Cogmind already has a system for printing the combat log (separate from the message log) directly to the map, so I instead hooked that system up to the message log itself--bam, messages now temporarily appear over the map :). Though I did have to alter its behavior to always scroll downward, and shift older messages up, rather than the cyclical approach usedin Cogmind (which I might go back and replace with this new one, not sure).
But we can't have messages staying there forever, covering part of the map, plus we need a way to review older messages anyway, so we still need an interface to provide that functionality.
For that I came up with the idea of simply reusing Cogmind's "full message log." In the original, pressing F4 expands the message log to have it stretch all the way to the bottom of the screen, showing many more messages for faster parsing.
In POLYBOT-7, pressing 'm' both repositions the log window so that its top left corner is at (-1,-1) relative to the screen (to hide its title/borders) and expands its height so that the interior covers the map. Closing it with 'm' or Escape (or a click) then shrinks it again and moves it back up out of view.
Rather convenient that we allowed that dedicated message log window to continue existing off-screen, eh? :D
Here's what progress looked like when I had only adjusted a few of the windows so far; notice how the expanded log is opening just off the screen (later I turned off the embedded turn numbers by default, since they'd waste precious log space in P7):
The message log originally spanned only half the width of the map, as in Cogmind, but I later widened it to match the map width and cover it entirely when open--may as well since there's room and it makes messages easier to read by requiring fewer newlines!
Opening the expanded message log over the map. Note that later I decided to keep its borders visible since it looked better given the way the fonts work (otherwise letters appear right up against the edge of the screen).
One of the last things I did before actually changing the main terminal dimensions was reorganize the help screen contents to approximately fit in what would be the target area. Here's a shot from when I wasn't quite done yet, but a lot of the contents are already gone:
There wasn't enough time to build an accessible options menu, but a help screen is pretty much mandatory (and not too hard) for a roguelike, plus it doubles as a game menu with the buttons there. The final version once converted to the new font and terminal dimensions:
As seen in the earlier layout adjustment diagram, the "Scan" and "Volley" windows (used to get an info summary for the object under the cursor, and attack details, respectively) were both moved out of view, but the info they contain is way too useful to not have it somewhere easily accessible.
While the actual console windows are up above the top of the screen, with all their logic and rendering working normally, I have a one-line strip at the bottom of the parts list that literally reads the display output of those consoles and copies it down below :P
I didn't add this particular interface feature right away (notice it wasn't part of the original mockups), but later on after just a little testing realized that sacrificing a potential item slot was worth it!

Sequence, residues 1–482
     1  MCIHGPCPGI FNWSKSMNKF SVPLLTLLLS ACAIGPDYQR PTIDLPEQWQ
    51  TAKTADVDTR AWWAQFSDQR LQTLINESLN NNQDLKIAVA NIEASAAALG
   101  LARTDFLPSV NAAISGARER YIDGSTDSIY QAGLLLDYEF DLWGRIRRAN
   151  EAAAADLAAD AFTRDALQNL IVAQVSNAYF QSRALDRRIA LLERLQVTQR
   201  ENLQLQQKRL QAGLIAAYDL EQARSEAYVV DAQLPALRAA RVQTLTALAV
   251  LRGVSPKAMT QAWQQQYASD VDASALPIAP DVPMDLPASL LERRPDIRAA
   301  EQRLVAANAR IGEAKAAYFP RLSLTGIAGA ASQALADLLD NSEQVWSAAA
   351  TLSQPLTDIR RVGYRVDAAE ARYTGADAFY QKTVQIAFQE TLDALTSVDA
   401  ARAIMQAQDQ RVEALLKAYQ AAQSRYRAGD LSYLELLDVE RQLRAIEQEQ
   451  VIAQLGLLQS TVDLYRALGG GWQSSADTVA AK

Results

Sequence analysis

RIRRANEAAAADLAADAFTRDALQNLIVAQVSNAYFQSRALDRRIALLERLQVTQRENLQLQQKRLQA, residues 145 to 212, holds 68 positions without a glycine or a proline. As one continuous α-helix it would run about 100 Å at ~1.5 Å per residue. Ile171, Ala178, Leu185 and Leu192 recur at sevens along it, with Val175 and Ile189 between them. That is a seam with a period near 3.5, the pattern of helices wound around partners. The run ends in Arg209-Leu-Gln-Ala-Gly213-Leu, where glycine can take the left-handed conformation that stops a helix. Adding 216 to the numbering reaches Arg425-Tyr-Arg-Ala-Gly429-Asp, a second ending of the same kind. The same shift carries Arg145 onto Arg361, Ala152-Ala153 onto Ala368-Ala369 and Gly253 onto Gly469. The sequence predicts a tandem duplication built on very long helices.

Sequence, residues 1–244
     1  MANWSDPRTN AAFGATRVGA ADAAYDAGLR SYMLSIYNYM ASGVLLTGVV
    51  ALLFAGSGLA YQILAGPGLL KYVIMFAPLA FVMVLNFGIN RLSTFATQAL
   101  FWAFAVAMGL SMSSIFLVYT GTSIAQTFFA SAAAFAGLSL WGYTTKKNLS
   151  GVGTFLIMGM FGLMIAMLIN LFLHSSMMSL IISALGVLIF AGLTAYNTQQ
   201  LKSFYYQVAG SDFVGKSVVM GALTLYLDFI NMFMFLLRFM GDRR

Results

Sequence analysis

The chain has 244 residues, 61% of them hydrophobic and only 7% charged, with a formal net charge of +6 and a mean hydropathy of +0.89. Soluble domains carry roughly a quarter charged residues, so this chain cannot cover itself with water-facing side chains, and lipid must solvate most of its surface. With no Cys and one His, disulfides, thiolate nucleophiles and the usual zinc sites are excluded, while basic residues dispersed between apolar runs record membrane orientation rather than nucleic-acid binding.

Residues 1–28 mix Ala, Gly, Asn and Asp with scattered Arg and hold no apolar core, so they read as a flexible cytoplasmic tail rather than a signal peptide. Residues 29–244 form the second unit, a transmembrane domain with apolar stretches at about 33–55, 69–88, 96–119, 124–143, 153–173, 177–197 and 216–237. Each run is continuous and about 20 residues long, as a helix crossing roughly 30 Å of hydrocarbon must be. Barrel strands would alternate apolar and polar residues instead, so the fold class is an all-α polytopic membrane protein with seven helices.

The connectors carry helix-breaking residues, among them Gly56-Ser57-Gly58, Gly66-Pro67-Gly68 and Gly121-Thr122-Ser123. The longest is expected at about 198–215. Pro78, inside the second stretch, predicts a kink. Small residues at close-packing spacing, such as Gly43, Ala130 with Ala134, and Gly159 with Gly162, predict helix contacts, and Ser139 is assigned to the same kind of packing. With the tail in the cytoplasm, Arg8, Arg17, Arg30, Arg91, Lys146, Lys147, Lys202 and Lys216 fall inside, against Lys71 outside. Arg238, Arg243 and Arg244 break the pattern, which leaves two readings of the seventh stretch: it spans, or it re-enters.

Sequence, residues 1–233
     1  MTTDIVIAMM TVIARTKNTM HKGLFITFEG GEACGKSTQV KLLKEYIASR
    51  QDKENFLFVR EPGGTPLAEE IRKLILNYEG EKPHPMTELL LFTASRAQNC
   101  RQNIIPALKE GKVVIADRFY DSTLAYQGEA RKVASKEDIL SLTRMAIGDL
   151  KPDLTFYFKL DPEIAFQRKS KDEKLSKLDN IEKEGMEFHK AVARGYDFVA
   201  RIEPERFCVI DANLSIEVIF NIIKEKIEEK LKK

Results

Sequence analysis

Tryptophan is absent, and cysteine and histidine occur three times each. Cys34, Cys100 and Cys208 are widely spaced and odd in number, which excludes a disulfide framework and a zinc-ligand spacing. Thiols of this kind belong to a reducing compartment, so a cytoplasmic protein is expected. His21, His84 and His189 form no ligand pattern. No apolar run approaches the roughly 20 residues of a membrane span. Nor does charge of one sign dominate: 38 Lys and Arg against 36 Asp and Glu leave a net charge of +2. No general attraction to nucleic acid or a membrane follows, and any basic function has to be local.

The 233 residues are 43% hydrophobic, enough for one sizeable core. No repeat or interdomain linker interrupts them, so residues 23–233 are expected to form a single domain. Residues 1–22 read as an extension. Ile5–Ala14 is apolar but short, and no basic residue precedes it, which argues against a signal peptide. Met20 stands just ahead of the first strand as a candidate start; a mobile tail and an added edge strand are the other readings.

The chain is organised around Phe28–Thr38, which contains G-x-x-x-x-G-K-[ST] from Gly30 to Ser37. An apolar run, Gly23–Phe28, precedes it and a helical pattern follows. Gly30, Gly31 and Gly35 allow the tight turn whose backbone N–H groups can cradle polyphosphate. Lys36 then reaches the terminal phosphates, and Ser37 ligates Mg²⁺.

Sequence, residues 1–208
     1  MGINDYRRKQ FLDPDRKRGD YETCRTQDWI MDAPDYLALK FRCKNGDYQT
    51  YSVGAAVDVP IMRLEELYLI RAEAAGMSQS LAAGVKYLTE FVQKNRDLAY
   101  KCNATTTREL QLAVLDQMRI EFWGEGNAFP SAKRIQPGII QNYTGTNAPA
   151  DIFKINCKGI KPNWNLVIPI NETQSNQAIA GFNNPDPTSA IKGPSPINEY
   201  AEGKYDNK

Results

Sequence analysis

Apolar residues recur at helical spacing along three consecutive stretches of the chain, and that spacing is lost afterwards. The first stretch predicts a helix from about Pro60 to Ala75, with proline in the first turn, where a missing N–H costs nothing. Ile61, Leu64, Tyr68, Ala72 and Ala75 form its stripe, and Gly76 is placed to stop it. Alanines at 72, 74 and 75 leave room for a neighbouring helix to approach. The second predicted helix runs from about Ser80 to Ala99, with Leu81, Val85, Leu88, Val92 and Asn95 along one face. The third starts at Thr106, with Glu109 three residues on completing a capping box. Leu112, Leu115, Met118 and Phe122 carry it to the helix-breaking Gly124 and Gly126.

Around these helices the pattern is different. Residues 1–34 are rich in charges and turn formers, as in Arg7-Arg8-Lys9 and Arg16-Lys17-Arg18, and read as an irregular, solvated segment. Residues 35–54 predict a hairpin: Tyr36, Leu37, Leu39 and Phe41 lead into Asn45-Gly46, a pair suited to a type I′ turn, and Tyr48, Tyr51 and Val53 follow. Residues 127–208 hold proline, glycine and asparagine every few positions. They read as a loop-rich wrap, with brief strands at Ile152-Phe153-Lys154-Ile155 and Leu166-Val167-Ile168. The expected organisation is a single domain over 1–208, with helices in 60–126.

You can see the entirety of the info strip code here, a very messy, quick hack job like everything else done during the week xD. It's copying text from other consoles and somewhat reformatting it as necessary to show in the new area.
After spending an initial day or two executing the UI plan, the next step was to get all the new mechanics working...
First came one of the main new features: part attraction. This wasn't too hard to get running because for a long while now there's been a particular special feature in Cogmind with a similar effect, so I could just adapt that code. A Dijkstra search is performed from the player's location, finding all parts within range (4), and each uses pathfinding code to attempt to reach the player, one move per turn.
Tactical positioning was always important in Cogmind, but with this it becomes even more vital because optimal play must also take into account relevant item locations, including even potential drops from enemies which if too close might fill empty slots with inferior parts!
The part that attaches is randomly chosen from among those adjacent to you, making it even harder to construct a specific build if already wading through items. And parts cannot be removed individually, which would otherwise just invite boring tedium.
(Note: I developed throughout the week purely in ASCII, but am demonstrating most of these features with tiles now that we have them.)
With all these items lying around (especially in the form of salvage remaining after a fight), and a lot of them going unused, there needed to be a way to get rid of all the clutter because:
- having a cluttered map makes finding the right item problematic
- given the attraction mechanics, extra clutter would make it very difficult to ever attract specific desired items
- there would basically always be a variety of extra parts lying around to use, making it easy to avoid having empty slots (i.e. easier to survive in general)
Cogmind has Recyclers to take care of this job by carrying salvage off to insert into Recycling Units, but there was a clear decision to use only combat-related bots in POLYBOT-7. So I again repurposed an existing Cogmind system to handle this need: item self-destruction. In Cogmind this mechanic is only used in special cases, but here it would need to be universal.